Photo credit: Gregory Shamus/Getty Images

The offense could use a little more toughness.

This was a season to forget for Jehu Chesson, who had more drops than I’m willing to go back and count. The offensive line was strangely erratic as well, and didn’t seem ready or able to lead the team down the field in big moments. Do all the off-season workouts again; hopefully some more of the purpose of it all sticks. Speaking of...

We need some more help on the offensive line.

I’m actually very, very optimistic about an offensive line that already features a freshman phenom Ben Bredeson (6’5”, 310, Fr.), guy who takes on three nose tackles Michael Onwenu (6’3”, 360, Fr.), coach’s son who is hopefully like fine wine Patrick Kugler (6’5”, 303, RS Jr.), somehow about to be a redshirt senior David Dawson (6’4”, 325, RS Jr.), pleasant surprise Juwann Bushell-Beatty (6’6”, 311, RS So.), pleasant surprise who played less Jon Runyan (6’4”, 304, RS Fr.), and hopefully the return of All-American and team leader Mason Cole (6’5”, 305, Jr.) at center. There’s also an X-factor here in Grant Newsome, who can hopefully get back to 100% health before anything else.

Still, if you saw anything to do with Michigan’s offensive line the past five years, you’re hoping for an assembly line of All-Americans starting to form here in Ann Arbor with enough depth to challenge Alabama or anybody else unlucky enough to see us in a playoff. To that end, this offensive line class of 2017 will be crucial for future success: guys with natural talent and athleticism, some of whom might challenge right away, will give this team a feeling of completeness.

So, no pressure, Isaiah Wilson.

There’s a lot we can sell to top-end athletes.

Jabrill did a lot of things for this program, but giving Michigan a ready-made recruiting tool for top young athletes around the country, thinking about following in his footsteps, is a great one.

We might even get more creative this time around.

Our defensive ends can benchpress your tackles.

In 2015, Michigan ran a lot of tackle-like players out at strongside end (primarily Chris Wormley and Willie Henry), with the weakside being manned by Mario Ojemudia and then Royce Jenkins-Stone.

In 2016, Michigan doubled down on using size on the outside: Wormley, Taco Charlton, and Rashan Gary took most of the snaps outside, and it worked well. (Chase Winovich, more of a buck linebacker in the mold of Ojemudia or Jenkins-Stone, had a fairly limited number of snaps but made plays as well.) We’ll see what they do in ‘17 now that Taco and Wormley are moving on.

There’s a new generation at cornerback.

Lavert Hill showed a lot of maturity and skill by making the field in 2016, and he may have taken the baton from Jourdan Lewis heading into the off-season. He’ll be competing with an intriguing collection of players: David Long, Brandon Watson, and Keith Washington already on the roster, plus (we hope) a couple true freshmen in Benjamin St-Juste and currently uncommitted target Ambry Thomas. St-Juste and Thomas are both very exciting prospects, and the odds are good they end up in Ann Arbor.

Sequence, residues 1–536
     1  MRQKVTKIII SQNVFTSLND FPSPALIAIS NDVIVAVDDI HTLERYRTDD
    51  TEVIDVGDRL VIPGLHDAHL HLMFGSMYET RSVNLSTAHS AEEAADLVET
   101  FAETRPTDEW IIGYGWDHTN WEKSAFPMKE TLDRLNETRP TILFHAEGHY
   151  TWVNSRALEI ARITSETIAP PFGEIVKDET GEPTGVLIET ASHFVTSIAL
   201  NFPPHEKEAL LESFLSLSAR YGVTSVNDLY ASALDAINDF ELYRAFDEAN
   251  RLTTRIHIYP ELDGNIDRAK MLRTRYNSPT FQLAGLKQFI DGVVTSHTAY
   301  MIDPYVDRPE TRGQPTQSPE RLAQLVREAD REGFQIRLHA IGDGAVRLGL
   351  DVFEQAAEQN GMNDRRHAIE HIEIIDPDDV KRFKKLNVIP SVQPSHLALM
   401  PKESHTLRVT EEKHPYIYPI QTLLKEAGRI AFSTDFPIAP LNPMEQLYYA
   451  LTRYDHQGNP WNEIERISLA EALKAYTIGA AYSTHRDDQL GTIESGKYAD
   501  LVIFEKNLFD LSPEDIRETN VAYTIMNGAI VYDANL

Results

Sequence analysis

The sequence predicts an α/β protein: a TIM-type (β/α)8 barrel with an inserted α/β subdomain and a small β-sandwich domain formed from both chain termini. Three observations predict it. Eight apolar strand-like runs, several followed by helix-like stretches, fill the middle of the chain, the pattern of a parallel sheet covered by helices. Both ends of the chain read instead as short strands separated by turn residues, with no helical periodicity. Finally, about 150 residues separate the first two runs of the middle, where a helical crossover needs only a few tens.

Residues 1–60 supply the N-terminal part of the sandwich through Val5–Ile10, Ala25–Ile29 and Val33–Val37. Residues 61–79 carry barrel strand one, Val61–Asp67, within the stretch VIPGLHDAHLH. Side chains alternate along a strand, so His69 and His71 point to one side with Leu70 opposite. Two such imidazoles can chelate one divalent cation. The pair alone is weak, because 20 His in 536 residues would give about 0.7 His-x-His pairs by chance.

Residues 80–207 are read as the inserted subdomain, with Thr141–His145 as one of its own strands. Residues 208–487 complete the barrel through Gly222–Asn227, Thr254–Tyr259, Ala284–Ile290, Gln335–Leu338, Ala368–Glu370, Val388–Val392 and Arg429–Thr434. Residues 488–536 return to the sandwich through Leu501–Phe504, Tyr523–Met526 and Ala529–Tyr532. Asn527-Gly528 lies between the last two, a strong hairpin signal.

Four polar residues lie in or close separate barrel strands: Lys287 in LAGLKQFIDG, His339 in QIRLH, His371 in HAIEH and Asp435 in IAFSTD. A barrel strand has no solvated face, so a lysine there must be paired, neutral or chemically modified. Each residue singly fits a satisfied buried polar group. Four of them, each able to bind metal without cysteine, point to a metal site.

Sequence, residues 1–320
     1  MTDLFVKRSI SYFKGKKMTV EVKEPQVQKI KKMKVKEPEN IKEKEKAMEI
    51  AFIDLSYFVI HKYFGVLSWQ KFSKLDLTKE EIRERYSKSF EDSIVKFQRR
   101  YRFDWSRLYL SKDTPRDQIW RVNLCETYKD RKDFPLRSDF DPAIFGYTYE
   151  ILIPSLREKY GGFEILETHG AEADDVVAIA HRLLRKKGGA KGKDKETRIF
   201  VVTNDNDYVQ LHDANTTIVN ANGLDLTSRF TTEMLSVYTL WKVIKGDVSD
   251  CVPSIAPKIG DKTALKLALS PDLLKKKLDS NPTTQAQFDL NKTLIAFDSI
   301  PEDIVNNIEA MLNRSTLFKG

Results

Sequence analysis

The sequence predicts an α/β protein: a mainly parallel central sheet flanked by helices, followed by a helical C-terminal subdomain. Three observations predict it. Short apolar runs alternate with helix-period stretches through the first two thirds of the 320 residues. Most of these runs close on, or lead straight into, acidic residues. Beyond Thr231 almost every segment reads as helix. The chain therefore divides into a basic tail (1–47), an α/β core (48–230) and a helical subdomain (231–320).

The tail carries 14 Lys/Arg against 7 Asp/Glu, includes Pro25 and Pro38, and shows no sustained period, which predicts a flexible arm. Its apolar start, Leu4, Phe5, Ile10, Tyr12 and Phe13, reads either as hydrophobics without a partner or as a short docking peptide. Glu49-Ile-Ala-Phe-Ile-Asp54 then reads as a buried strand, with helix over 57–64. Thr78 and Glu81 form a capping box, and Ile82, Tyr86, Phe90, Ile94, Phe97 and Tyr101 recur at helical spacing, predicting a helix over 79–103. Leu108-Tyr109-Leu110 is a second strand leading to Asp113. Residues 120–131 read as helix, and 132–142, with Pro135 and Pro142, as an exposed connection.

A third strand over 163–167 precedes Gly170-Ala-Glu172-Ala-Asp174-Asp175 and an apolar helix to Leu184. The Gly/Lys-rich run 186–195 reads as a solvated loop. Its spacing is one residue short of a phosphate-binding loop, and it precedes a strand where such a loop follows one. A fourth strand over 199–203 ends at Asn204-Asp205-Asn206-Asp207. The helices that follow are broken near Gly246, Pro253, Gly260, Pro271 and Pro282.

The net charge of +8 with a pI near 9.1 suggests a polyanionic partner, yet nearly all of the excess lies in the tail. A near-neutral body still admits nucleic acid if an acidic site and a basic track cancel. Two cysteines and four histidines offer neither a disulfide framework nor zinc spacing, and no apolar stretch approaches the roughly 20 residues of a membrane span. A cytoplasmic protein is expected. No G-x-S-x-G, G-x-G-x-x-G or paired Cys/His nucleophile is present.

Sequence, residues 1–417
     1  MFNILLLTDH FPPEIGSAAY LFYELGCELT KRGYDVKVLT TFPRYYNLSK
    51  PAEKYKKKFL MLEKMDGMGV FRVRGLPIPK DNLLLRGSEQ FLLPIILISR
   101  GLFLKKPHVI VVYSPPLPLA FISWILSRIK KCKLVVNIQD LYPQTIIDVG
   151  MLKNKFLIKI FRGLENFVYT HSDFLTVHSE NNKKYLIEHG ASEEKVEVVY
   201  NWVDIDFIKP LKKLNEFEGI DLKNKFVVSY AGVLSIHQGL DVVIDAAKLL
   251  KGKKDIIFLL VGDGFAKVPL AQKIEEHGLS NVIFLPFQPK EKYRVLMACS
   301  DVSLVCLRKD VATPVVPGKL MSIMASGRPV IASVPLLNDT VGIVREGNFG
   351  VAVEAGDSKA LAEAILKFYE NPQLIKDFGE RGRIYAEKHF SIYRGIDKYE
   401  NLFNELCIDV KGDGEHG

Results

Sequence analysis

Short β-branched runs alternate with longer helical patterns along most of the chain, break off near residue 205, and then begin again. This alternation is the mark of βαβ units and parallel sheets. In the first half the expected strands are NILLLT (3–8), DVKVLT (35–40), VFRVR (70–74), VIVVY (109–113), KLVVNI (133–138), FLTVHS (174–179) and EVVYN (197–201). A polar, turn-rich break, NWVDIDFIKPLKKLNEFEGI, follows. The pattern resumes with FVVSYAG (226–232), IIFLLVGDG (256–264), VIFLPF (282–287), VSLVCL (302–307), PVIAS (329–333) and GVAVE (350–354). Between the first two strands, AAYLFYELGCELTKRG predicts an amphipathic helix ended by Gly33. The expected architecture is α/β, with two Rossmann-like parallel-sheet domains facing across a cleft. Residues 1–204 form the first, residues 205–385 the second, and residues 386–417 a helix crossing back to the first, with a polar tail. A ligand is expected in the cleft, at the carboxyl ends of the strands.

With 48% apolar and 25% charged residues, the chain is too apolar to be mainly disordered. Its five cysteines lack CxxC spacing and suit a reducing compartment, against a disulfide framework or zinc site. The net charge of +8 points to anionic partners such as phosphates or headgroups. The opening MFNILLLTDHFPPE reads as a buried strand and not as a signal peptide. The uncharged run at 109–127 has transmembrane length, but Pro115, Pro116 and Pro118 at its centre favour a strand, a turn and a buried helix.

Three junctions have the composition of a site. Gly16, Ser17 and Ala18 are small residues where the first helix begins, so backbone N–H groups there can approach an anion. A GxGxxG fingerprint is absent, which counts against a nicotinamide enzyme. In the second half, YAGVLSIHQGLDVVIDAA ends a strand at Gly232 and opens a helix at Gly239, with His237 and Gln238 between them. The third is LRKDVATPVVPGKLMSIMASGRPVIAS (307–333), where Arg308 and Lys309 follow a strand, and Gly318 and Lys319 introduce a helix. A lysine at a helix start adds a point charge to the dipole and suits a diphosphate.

This isn’t your granddad’s Wolverines.

Freshmen playing left and right. Airing it out deep to win games. Enough competitiveness to offend your grandmother, and a head coach showing up in a rap video. Not to mention a southern invasion once a summer.

Get used to hearing the term “33rd NFL team.”

Quietly, Michigan is marching toward a big off-season win - dominating on draft day. That paid big dividends for Ohio State a year ago, and now it’s Michigan’s turn. As Harbaugh showed already, off-season momentum can be a powerful supporting device for player growth and recruiting connections.

Still, for individual players, off-season hype can be hit or miss.

John O’Korn? Bryan Mone? Rashan Gary? Ty Isaac? Ian Bunting? Eh, they’ll show us next year.

Harbaugh can skimp on scholarships and still get production.

Shifting Khalid Hill, Henry Poggi and Wyatt Shallman (remember him?) over to fullback felt a little like a back-up option, but Harbaugh made it work beautifully. (Hammering Panda, ooh yeah!) Sure, his ultimate goal is to stock every position ten men deep, but he’s been judicious in when and where he puts his schollies.

Let’s hope this bodes well for the safeties, which is next up on the “scraping by ‘til next year” list.

Michigan has all the best names.

Peppers. Taco. Butt. Captain America, McDoom. Cheeseman. (Yes, we have a guy named Cheeseman.) Mo Ways to score. And, next year, Vilain. Moses, sadly, had other plans.

Michigan’s a happy family.

We all remember the cantankerous arguing during the Hoke years. Nobody wants to go back to that. It’s been a joy getting back to the good ol’ times instead.